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Big TV may dictate shape of a room
When planning a new house, many home buyers struggle with balancing design and function.
They like the look of a whirlpool bathtub but realize it is impractical for daily use. They want a cherry wood floor, but realize the kids and dogs will destroy it.
Similar issues surface when adding a fireplace. Those who focus solely on the design may regret that they overlooked some practical, functional considerations.
For example, consider how a fireplace will affect furniture placement and the location of a TV set. Because the fireplace typically is the focal point along one wall, it means that furniture will be grouped along the three remaining walls. If the room also has large windows, the furniture layout becomes more complicated.
The TV set may become a problem.
"A lot of times, the fireplace is competing for attention with the large-screen television," said Dan O'Malley, a partner with BSB Design, which is based in Des Moines, Iowa, and does architectural design work for many Chicago area builders. "These two elements are starting to butt heads."
The TV set and fireplace each require about four to five feet of width. Align them on top of each other on one wall and they can take up a large block of space. Install them on separate walls and they can compete for attention.
Many home buyers don't deal with this problem until after they move in.
Another issue with the fireplace design is whether the fireplace will have seating in front of it. From a design and functional perspective, it often works well to have a raised hearth in front of the fireplace, said Brian Bart, general manager for Tom Bart Construction.
A raised hearth adds an interesting accent and gives people a place to sit down right near the fire's heat.
The height of the TV set also can cause problems. Depending on its size and how far above the floor it is installed, people could find it a physical strain to look up and watch the screen.
When it comes to seating, the room should be deep enough to allow for couches and chairs located an appropriate distance away from the large screen. Home buyers also should think about how many people would be watching the TV set on a typical day.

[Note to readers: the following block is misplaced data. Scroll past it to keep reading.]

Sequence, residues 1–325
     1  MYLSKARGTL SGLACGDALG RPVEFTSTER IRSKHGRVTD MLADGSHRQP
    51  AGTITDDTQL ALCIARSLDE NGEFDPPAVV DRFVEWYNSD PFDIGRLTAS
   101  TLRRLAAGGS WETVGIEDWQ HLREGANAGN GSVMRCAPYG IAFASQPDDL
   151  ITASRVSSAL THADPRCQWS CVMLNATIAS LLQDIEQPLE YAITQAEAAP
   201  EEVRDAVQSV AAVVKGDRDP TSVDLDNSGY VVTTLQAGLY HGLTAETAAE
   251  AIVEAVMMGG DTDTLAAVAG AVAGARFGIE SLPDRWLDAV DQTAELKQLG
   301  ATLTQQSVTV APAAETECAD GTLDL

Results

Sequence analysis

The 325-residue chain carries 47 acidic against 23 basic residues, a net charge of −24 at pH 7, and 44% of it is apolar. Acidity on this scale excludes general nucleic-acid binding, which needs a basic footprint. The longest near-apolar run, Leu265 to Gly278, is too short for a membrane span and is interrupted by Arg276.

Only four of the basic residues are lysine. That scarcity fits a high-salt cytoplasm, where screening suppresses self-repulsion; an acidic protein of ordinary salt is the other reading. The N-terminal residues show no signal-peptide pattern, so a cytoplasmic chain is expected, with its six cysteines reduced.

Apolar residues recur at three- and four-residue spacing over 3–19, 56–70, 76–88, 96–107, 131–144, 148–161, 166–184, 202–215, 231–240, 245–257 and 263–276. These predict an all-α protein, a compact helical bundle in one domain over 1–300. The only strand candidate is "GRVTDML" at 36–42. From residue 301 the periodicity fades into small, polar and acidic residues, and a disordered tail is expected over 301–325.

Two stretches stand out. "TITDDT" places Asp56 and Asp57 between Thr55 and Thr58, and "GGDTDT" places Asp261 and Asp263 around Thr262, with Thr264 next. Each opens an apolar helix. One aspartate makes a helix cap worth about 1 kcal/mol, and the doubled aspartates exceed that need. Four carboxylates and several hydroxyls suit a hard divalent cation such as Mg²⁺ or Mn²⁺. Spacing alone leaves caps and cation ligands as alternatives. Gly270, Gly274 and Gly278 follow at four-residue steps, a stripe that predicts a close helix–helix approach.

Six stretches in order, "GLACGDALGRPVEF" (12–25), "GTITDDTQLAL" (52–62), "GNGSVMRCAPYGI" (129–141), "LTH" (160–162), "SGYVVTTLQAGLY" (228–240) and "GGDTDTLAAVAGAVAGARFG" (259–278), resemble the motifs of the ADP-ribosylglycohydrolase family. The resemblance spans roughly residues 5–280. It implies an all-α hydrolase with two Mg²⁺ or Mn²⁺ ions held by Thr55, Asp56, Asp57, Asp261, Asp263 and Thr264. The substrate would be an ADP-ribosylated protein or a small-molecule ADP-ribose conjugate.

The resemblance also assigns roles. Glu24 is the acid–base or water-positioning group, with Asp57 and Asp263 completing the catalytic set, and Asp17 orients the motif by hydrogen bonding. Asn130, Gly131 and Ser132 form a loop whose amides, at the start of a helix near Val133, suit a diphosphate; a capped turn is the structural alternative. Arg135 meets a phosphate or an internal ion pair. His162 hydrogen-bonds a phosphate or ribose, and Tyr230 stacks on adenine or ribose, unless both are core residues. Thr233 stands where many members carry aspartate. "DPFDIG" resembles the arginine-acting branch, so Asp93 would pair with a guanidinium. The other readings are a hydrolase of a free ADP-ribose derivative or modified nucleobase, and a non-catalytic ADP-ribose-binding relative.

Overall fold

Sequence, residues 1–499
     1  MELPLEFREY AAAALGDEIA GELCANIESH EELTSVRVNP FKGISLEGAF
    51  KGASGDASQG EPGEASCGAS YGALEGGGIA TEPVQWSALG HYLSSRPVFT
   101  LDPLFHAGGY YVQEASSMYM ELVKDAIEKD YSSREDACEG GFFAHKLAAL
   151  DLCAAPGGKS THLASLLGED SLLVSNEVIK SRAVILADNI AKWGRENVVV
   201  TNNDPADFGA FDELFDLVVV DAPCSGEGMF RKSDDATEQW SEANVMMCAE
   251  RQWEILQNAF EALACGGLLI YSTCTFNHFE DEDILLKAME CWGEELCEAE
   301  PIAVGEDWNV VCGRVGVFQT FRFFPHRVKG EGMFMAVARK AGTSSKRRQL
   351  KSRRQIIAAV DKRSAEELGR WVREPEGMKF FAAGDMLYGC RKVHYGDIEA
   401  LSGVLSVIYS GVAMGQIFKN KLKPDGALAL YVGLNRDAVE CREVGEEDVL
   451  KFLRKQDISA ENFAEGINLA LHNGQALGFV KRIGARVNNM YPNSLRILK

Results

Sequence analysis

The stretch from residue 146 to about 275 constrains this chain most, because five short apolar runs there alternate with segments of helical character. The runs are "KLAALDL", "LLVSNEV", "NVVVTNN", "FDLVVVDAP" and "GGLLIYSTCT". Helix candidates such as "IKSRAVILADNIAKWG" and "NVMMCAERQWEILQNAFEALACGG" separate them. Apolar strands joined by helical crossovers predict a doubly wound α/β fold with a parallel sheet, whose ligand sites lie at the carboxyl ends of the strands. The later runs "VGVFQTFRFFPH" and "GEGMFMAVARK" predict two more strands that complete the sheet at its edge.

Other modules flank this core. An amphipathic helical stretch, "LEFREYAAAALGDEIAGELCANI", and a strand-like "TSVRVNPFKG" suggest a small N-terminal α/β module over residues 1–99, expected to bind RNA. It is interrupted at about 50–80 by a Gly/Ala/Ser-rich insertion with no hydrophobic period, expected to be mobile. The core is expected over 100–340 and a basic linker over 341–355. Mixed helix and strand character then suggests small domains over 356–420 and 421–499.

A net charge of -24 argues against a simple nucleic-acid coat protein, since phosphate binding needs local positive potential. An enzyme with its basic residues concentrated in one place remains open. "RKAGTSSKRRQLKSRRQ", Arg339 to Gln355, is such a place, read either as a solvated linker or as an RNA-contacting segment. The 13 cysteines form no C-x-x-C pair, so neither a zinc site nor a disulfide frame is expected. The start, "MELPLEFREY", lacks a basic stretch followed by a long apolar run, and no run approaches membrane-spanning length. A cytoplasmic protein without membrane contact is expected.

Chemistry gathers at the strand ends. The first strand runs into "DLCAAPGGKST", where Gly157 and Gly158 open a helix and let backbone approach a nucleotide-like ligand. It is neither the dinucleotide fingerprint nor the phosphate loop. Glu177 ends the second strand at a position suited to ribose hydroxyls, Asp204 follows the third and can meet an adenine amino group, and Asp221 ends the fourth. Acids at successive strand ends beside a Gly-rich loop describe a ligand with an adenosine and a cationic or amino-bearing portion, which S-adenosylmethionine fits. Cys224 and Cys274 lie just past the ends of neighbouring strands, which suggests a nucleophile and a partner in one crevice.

If these issues aren't considered before the house is built, home buyers sometimes regret their design choices later. Because the fireplace is a permanent object, the TV set's location may become an afterthought.
The solution is to look at the overall flow and function of the house early in the process. Ideally, the fireplace should have its own room and be the focal point there. The oversized TV can become the centerpiece of an entertainment room where it doesn't compete with a fireplace.
Alternately, the TV set can be placed next to the fireplace, but that requires expanding the wall space to allow for both elements to fit.
"If you can commit enough wall space to both elements, it can work," O'Malley said.
This creates an environment where the television is the focal point and the fireplace creates a separate sitting area off to the side.
When adding a fireplace in a bedroom, home buyers should consider whether to make it the main focal point or for it to occupy a nook in a corner.
In a master suite, it may take on a larger role than would be the case in a modest guest room.
While many people like the look of a bedroom fireplace, it doesn't always live up to expectations. If the room has high ceilings, for example, the heat may rise to the top, failing to warm much of the room. A too-open floor plan also can cause heating problems.
"I don't recommend a bedroom fireplace," said Angela Norris, who lives in the Fox Mill subdivision in St. Charles. "It looks pretty, but we don't really use it. The gas just doesn't heat the room very well."
While their bedroom fireplace is not as functional as planned, their family room fireplace is just fine. When the Norris' planned their new home, they thought ahead.
They wanted a decorative mantel, but one that would be large enough to use.
"We put an outlet behind it so I can put a lamp and Christmas decorations there," Angela Norris said. "It's the focal point of the room so you want to be able to decorate it."
Design. Function. The two do not always go together. When building a new house, however, it pays to plan ahead and discuss some of these issues with the builder before construction begins.
Allison E. Beatty is a Chicago-area freelance writer. If you have questions or information to share regarding new home buyers' product and design choices, write to Choices c/o Chicago Tribune, New Homes Section, 435 N. Michigan Ave., 4th Floor, Chicago, IL 60611. Or, e-mail:firstname.lastname@example.org.